Man claims cure for blindness as hundreds troop to herbal facility

Mankessim, a commercial town in the Central Region, is noted for foodstuff, fish and meat. But for some time now, people from all walks of life have been trooping to the town not to shop for these items but to seek healing for various eye challenges, including blindness. This follows the discovery of a medicine by a herbalist in the town, which has been acclaimed to cure all kinds of eye diseases, including the dreadful glaucoma, which medical doctors say has no cure.Observation The herbalist, 60-year-old Mr John Kofi Sackey, aka Odopee, is the proprietor of Odopee Herbal Research and Learning Centre at Mankessim. The Daily Graphic has visited the centre twice in the last two weeks and met many people receiving treatment. Unlike the orthodox solutions, which prescribe various forms of surgery and medication, the herbal solution was not applied directly on the eyes. Rather, the herbalist pours the liquid preparation onto a piece of dry wood, puts the wood in a small plastic container for the patient to watch with widely opened eyes for 10 minutes. The Daily Graphic also observed that the patients, most of them above 60 years, repeated the process three times a day. After exposing...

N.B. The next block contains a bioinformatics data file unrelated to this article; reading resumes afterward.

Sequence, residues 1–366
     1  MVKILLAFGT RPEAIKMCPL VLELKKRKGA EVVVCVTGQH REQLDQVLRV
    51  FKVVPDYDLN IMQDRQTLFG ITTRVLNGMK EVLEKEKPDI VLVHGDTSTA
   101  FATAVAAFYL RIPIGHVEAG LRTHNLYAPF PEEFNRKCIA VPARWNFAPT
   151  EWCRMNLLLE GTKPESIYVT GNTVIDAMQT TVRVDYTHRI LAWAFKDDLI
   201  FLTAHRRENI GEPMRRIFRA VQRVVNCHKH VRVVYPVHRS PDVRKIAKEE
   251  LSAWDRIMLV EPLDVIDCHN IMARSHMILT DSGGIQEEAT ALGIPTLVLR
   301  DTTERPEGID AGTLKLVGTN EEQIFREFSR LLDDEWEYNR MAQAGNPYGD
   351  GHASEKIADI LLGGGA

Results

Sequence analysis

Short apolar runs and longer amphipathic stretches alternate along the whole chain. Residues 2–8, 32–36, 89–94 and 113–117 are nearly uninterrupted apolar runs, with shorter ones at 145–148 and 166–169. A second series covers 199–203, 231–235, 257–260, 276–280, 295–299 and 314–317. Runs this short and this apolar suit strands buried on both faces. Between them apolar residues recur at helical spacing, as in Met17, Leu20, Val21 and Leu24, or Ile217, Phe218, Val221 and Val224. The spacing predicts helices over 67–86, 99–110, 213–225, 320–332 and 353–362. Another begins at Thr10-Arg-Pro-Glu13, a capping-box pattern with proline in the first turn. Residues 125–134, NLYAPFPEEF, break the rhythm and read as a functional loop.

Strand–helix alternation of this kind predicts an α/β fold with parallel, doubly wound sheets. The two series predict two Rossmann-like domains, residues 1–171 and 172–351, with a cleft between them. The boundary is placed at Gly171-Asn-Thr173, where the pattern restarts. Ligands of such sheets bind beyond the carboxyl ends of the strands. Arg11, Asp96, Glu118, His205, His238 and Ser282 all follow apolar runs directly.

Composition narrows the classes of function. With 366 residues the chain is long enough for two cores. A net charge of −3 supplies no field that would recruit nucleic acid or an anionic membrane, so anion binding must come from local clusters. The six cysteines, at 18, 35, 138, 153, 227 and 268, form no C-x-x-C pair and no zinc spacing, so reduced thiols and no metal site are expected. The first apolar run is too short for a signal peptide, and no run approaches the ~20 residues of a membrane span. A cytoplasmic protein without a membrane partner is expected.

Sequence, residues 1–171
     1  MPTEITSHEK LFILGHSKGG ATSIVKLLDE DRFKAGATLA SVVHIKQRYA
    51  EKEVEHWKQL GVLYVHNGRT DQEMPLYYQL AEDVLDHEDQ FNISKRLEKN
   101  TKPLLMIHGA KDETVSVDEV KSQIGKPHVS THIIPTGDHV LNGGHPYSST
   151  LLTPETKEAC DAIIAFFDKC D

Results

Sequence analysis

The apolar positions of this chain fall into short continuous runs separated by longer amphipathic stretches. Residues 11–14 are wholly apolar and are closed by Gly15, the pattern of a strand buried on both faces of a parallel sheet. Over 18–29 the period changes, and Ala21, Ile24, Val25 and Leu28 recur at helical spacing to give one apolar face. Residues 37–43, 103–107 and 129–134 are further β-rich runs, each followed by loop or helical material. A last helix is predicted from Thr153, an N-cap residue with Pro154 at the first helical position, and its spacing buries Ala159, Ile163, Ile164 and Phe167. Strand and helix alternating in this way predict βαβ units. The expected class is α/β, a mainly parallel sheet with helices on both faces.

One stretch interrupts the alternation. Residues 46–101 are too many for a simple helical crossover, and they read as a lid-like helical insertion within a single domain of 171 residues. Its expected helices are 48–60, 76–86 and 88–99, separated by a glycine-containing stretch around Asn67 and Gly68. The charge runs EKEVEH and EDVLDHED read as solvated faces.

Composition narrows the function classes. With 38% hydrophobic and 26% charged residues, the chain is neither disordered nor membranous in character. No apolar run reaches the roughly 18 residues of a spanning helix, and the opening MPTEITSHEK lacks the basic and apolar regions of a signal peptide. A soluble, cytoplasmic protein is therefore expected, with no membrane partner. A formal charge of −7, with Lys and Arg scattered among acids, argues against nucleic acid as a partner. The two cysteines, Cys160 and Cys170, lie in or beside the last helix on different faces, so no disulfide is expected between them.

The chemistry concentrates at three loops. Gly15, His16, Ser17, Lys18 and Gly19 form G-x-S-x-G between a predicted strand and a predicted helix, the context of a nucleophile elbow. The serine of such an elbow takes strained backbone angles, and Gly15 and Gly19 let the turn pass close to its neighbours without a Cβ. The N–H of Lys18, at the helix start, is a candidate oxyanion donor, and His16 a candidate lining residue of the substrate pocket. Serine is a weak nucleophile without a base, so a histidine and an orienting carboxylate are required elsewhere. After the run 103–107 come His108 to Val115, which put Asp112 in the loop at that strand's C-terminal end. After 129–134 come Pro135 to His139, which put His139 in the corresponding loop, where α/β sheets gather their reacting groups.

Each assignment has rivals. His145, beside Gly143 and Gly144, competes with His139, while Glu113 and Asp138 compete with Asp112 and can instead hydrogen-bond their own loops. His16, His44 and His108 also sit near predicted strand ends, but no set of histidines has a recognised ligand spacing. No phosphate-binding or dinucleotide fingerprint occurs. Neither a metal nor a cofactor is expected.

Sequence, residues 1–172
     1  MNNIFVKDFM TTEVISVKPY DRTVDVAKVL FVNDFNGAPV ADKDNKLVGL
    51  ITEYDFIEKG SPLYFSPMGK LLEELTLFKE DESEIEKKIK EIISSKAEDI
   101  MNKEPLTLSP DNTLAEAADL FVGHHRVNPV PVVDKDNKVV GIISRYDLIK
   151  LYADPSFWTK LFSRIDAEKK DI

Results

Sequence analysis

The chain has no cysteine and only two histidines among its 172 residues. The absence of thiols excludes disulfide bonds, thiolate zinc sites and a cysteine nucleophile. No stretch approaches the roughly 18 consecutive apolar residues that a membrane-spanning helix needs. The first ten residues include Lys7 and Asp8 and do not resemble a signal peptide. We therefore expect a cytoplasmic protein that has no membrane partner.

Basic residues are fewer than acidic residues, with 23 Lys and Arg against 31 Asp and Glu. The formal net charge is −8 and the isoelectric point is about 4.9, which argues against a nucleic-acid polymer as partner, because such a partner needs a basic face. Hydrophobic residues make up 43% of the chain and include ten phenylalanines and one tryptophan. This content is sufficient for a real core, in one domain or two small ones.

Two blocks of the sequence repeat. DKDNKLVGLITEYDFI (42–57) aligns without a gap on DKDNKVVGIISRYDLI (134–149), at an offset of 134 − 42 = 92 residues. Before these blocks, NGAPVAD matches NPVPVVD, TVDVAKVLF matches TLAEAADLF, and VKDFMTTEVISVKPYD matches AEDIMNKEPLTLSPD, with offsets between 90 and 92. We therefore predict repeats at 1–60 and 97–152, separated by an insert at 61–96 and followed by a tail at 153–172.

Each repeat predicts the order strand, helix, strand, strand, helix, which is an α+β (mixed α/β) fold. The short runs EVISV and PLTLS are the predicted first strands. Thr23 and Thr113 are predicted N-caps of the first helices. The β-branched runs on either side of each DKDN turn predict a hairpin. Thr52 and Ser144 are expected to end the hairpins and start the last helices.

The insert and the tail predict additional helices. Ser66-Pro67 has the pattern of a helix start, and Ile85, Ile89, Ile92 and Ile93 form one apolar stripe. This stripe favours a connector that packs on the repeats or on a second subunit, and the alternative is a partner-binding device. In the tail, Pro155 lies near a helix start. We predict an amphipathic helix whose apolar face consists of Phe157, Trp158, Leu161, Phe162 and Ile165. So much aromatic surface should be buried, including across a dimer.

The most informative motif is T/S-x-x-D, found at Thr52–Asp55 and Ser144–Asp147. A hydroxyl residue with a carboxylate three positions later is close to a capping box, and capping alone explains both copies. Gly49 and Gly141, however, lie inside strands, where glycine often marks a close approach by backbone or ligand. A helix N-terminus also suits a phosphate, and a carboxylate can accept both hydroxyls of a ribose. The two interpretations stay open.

What Can Centella Asiatica Really Do for Red, Dry, Sensitive Skin?

Those of us with sensitive skin already know to be wary of trendy ingredients. But there’s one that’s purported to be good specifically for sensitive or inflamed skin: centella asiatica (also referred to as gotu kola), a leafy plant found in parts of China, Japan, India, Australia, and the U.S. The plant has a long history in traditional medicine, and products containing it have been available internationally for decades. In France, for instance, you might see it sold as Madécassol cream, named for the centella asiatica extract madecassoside. Korean skin-care products containing centella asiatica are often labeled “cica,” indicating they’re meant to calm irritated skin, such as Neogen Real Cica Pads, $20, Innisfree Bija Cica Balm, $25, and Iope Derma Repair Cica Cream, $32. Centella asiatica is also the star ingredient in the cult-favorite Cicapair line from Dr. Jart (including my personal go-to, the Tiger Grass Color Correcting Treatment, $52), as well as La Roche-Posay’s Cicaplast line and Kiehl’s Centella Cica Cream, $43. So, it’s basically everywhere. But can it really help calm your skin? And is it even safe to regularly use something like this on skin that’s prone to bad ...